Late last year Amazon activated the latent networking capabilities in millions of Amazon smart home products in the US to create the Sidewalk network. LoRaWAN is used to create a mesh network between devices beyond their respective home networks. This mesh of devices will be connected to the internet provided at least one of them is connected to a suitable local area network. Although these existing devices act as bridges that extend the network, simpler devices may exist only as endpoints on the network. At first all Sidewalk devices will be Amazon products, but third-party manufacturers have also partnered with Amazon and begun to offer devices that will operate on the network. Benefits aren’t limited to the greater range LoRaWAN provides, existing Sidewalk-capable devices can also act as Bluetooth bridges to allow other devices to automatically connect or reconnect to the local Wi-Fi network in addition to supporting connectivity on Bluetooth-only devices. Compatible devices will also be able to continue to operate should their local internet access be interrupted, provided neighbours are still connected (and within LoRaWAN range). Although high bandwidth applications will experience limited functionality, certain security applications will greatly benefit as alerts can still be pushed to users in the case of local (home) network outages.
This network represents the single largest LoRaWAN network available to US consumers in terms of coverage. Coverage will obviously be skewed to residential areas, particularly urban ones. In these areas consumers will be able to make use of the additional functionalities LPWA networks provide, a market that’s proved difficult to crack so far. Amazon will be able to offer advantages and functionalities to products that haven’t existed before in the consumer market in any significant volume. Early examples of products are focussed on tracking items, pets and cars – use cases the somewhat patchy network will be well suited for.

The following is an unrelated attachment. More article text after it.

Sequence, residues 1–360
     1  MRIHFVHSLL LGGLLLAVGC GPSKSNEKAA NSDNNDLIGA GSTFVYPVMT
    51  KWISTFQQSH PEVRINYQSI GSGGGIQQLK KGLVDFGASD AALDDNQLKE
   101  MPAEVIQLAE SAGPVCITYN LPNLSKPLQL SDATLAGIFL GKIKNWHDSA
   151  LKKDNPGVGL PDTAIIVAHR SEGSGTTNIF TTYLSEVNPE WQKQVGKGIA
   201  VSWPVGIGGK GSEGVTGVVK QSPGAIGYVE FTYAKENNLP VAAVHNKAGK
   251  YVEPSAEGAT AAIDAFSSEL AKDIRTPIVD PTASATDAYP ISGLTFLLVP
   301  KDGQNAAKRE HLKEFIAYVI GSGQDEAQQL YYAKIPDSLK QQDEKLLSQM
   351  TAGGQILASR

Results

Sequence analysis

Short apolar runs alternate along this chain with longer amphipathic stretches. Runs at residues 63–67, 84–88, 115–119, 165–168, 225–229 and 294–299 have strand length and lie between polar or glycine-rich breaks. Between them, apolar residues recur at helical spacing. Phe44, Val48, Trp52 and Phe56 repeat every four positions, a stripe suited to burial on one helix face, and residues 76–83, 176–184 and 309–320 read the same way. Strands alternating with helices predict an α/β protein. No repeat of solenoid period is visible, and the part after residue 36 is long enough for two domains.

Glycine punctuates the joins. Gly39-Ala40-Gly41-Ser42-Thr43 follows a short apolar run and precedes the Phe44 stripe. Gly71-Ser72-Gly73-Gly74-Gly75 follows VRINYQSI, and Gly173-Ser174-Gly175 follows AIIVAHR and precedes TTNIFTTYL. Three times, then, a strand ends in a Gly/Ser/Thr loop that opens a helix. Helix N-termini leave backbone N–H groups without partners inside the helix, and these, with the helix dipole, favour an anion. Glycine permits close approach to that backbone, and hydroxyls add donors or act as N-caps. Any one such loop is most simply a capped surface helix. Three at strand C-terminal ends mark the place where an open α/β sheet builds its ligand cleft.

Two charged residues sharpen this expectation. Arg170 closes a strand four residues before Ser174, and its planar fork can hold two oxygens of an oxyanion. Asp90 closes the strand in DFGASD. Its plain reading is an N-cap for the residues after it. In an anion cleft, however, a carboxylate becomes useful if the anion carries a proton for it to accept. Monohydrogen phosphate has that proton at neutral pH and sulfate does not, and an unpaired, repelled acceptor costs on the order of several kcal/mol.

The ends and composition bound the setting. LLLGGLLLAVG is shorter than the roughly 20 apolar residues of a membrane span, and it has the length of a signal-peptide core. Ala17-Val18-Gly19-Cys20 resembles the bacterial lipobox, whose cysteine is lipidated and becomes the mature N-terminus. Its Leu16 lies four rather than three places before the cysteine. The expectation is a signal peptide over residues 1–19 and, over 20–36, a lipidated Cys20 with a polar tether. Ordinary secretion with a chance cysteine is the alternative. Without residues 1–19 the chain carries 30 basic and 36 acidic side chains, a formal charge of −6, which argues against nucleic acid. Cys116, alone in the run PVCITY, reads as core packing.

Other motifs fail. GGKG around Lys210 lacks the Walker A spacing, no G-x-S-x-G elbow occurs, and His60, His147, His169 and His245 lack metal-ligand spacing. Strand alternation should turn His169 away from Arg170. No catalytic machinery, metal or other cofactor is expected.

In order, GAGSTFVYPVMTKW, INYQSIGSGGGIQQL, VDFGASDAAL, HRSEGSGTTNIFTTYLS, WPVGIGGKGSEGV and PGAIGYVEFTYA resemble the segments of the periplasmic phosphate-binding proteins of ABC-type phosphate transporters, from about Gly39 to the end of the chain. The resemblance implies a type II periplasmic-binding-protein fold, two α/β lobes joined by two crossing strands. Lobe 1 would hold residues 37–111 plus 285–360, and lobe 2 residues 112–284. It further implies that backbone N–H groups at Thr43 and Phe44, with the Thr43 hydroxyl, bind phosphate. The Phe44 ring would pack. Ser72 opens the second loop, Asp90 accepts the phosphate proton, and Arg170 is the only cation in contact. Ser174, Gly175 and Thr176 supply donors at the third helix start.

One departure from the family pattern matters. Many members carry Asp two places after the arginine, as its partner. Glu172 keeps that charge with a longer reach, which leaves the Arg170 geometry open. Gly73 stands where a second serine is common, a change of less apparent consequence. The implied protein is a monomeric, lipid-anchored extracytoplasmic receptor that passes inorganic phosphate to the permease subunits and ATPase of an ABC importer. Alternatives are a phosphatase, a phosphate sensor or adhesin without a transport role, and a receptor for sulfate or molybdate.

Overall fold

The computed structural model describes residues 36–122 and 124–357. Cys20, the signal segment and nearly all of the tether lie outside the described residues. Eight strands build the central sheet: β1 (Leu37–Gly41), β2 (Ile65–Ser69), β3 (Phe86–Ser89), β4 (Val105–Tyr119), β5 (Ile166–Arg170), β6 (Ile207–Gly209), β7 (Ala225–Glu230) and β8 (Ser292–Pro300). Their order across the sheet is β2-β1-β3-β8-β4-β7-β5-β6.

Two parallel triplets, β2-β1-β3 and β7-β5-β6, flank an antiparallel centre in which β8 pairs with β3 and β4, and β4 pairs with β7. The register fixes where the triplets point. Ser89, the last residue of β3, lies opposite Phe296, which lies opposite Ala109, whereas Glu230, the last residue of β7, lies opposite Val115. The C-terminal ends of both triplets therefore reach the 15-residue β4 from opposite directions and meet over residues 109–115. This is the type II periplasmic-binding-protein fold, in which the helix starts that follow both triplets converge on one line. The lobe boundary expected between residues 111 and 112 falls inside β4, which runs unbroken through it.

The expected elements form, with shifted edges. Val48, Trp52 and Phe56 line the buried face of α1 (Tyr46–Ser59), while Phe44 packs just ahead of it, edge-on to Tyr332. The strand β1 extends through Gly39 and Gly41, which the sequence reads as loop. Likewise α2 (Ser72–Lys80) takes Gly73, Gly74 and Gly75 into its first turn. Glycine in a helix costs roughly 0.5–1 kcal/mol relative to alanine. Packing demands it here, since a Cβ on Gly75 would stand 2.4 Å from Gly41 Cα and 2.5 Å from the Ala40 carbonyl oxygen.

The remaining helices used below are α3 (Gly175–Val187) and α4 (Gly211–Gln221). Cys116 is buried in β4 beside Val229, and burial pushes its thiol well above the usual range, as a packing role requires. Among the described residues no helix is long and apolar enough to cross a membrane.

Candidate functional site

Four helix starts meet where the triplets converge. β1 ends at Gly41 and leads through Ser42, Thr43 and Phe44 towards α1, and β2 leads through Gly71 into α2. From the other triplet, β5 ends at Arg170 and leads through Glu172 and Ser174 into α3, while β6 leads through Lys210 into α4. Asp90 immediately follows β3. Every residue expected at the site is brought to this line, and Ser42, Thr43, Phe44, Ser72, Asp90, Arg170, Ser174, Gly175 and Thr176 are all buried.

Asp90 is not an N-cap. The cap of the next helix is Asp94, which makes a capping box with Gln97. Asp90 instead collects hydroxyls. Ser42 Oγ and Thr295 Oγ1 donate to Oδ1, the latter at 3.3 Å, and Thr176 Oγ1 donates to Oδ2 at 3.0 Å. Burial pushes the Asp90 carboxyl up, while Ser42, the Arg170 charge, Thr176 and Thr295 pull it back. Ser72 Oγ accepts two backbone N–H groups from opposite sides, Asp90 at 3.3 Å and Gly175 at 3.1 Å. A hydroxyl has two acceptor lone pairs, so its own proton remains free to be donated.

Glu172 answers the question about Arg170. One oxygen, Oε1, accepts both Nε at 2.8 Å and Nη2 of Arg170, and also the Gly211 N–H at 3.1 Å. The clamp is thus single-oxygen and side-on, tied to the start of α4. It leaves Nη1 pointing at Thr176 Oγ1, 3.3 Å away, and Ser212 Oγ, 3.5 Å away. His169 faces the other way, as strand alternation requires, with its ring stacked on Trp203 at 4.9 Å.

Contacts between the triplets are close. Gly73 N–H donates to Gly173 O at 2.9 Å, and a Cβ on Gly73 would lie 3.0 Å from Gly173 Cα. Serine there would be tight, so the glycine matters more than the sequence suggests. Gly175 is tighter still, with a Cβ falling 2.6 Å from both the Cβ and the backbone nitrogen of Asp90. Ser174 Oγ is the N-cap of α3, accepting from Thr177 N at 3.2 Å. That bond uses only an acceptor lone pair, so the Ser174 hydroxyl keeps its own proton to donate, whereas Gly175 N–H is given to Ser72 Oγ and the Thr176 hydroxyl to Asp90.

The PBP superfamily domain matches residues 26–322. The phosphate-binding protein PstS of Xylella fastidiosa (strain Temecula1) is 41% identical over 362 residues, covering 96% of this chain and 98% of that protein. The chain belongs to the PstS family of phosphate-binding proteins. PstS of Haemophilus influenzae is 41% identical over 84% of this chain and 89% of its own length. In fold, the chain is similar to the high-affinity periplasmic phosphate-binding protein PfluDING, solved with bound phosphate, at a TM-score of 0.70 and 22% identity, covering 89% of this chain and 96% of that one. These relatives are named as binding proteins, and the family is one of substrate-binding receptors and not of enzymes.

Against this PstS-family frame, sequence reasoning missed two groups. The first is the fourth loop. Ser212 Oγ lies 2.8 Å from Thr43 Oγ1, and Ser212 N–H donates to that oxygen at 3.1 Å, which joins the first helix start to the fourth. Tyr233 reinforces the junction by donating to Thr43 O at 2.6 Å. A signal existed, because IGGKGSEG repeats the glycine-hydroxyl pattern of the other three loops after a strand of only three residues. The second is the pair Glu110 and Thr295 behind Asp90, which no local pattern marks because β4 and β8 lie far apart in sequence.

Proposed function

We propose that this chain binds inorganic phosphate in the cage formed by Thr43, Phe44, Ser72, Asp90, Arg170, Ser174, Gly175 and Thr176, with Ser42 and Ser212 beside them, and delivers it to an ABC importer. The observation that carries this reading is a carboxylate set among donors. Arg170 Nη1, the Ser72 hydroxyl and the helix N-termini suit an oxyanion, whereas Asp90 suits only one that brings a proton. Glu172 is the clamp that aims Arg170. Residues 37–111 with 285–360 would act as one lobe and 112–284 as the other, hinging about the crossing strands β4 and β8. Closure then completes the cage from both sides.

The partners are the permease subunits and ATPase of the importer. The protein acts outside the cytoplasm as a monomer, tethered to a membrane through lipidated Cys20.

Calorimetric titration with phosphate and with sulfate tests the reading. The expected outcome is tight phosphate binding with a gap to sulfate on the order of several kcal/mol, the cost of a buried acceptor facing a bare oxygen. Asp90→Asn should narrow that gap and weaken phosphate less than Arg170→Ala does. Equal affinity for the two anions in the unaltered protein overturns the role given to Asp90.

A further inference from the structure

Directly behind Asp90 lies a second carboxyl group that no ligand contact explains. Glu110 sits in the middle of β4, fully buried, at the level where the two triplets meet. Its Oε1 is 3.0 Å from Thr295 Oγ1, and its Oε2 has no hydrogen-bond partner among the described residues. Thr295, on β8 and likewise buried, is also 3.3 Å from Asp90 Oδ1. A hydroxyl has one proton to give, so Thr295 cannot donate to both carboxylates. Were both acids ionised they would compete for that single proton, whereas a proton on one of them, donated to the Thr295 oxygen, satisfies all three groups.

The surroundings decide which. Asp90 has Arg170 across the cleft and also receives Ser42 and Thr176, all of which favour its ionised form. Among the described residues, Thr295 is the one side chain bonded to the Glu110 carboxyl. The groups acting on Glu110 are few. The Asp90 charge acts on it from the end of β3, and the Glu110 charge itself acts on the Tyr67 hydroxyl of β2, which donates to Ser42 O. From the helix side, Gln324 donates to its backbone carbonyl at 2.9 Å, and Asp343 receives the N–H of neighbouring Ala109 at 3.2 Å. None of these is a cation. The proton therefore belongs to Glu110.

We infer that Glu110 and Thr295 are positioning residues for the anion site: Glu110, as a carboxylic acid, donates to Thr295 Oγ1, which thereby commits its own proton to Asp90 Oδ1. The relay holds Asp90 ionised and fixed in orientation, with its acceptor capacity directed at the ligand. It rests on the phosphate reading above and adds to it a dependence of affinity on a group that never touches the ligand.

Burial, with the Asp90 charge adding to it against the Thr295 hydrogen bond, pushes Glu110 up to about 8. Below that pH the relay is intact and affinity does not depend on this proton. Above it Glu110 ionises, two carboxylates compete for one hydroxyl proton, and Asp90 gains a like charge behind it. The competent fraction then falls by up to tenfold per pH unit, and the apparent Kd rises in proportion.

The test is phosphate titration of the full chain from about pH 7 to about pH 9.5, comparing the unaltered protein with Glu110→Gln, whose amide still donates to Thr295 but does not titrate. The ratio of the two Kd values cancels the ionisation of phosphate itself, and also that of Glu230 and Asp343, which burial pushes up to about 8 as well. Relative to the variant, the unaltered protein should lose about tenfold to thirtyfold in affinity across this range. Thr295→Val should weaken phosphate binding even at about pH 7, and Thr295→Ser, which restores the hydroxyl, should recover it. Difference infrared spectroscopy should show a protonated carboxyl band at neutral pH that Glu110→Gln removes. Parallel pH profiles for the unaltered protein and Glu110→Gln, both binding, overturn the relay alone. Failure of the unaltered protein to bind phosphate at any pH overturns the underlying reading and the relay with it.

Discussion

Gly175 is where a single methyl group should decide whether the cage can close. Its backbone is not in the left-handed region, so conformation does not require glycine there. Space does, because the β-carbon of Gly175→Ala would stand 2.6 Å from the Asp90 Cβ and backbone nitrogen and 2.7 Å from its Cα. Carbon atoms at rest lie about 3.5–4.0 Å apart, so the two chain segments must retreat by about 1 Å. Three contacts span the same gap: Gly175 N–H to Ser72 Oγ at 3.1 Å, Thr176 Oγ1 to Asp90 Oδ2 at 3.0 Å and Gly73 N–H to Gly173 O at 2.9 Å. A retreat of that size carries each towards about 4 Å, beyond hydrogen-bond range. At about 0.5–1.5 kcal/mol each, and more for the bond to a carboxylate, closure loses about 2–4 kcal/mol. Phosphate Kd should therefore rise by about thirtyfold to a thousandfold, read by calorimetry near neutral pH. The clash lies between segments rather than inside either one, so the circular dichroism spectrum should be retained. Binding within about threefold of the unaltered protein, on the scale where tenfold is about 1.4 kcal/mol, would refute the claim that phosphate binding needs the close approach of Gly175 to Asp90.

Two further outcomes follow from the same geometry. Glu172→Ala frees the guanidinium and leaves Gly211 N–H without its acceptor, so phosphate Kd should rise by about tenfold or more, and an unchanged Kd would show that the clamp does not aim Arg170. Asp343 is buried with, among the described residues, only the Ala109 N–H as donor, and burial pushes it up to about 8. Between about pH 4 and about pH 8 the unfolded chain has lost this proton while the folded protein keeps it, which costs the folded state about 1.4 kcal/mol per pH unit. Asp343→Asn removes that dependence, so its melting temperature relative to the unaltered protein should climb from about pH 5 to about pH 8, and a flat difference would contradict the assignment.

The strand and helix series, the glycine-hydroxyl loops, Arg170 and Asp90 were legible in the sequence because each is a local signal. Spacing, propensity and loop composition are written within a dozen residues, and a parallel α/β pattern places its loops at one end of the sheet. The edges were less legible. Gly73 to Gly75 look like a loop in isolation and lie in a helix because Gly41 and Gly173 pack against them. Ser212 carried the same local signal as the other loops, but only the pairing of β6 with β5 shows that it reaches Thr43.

So far, there has been a considerable focus on consumer applications of the network, but Amazon’s recently announced partnership with the American Red Cross for tracking the supply of blood between donation sites and distribution centres indicates the potential for usage in a commercial setting.
Amazon, now one of the largest parcel carriers in the world, has its own deliveries to track. The fragmented nature of the delivery side of Amazon’s business: Amazon Logistics’ franchise-style model, the gig worker supported Amazon Flex, and third-party logistics provider Amazon Shipping will need a consistent connectivity platform to support tracking in order to provide a more uniform and constant customer experience. To reach a similar result on an international scale Amazon would need to partner up with a huge number of communication service providers.
Sidewalk is well suited to tracking items across an urban area, the fragmented nature of the network is less of a negative for use cases that require travel between the islands of connectivity in residential areas. However, Amazon may run into issues if it wishes to extend into other use cases. Some of the larger LPWA use cases like smart metering, crop monitoring or remote asset monitoring will be difficult to address without consistent, regional coverage. To achieve that level of coverage Amazon would need to start supplementing the network with dedicated infrastructure as opposed to merely relying on items in their customers’ homes. A move that would put their free at the point of use business model at risk, and would bring Sidewalk into greater competition with the traditional CSP space.
A more detailed view on what Amazon Sidewalk will be used to connect, the network’s benefits to Amazon and its partners, and whether MNOs need to be worried about Amazon’s growing presence in the sector can all be found in our Key Topic Insight report: Amazon Sidewalk: A unique networking proposition.